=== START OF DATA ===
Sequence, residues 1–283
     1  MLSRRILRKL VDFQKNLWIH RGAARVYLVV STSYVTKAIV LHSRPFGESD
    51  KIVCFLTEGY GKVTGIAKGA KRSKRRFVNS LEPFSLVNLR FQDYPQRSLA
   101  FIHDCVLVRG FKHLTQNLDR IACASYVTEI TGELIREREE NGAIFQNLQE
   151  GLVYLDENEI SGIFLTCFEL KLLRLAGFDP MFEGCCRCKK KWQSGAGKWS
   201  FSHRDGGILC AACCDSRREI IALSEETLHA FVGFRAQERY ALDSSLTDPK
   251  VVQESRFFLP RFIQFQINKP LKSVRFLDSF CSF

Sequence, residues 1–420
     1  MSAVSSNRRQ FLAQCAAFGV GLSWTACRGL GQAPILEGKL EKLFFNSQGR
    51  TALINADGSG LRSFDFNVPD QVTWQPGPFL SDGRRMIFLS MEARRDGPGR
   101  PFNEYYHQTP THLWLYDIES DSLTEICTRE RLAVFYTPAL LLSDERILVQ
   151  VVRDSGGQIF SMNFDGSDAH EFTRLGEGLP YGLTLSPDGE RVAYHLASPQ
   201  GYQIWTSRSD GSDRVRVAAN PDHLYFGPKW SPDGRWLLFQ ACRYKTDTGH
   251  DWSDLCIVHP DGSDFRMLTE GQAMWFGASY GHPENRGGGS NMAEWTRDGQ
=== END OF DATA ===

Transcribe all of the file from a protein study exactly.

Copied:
Sequence, residues 1–283
     1  MLSRRILRKL VDFQKNLWIH RGAARVYLVV STSYVTKAIV LHSRPFGESD
    51  KIVCFLTEGY GKVTGIAKGA KRSKRRFVNS LEPFSLVNLR FQDYPQRSLA
   101  FIHDCVLVRG FKHLTQNLDR IACASYVTEI TGELIREREE NGAIFQNLQE
   151  GLVYLDENEI SGIFLTCFEL KLLRLAGFDP MFEGCCRCKK KWQSGAGKWS
   201  FSHRDGGILC AACCDSRREI IALSEETLHA FVGFRAQERY ALDSSLTDPK
   251  VVQESRFFLP RFIQFQINKP LKSVRFLDSF CSF

Sequence, residues 1–420
     1  MSAVSSNRRQ FLAQCAAFGV GLSWTACRGL GQAPILEGKL EKLFFNSQGR
    51  TALINADGSG LRSFDFNVPD QVTWQPGPFL SDGRRMIFLS MEARRDGPGR
   101  PFNEYYHQTP THLWLYDIES DSLTEICTRE RLAVFYTPAL LLSDERILVQ
   151  VVRDSGGQIF SMNFDGSDAH EFTRLGEGLP YGLTLSPDGE RVAYHLASPQ
   201  GYQIWTSRSD GSDRVRVAAN PDHLYFGPKW SPDGRWLLFQ ACRYKTDTGH
   251  DWSDLCIVHP DGSDFRMLTE GQAMWFGASY GHPENRGGGS NMAEWTRDGQ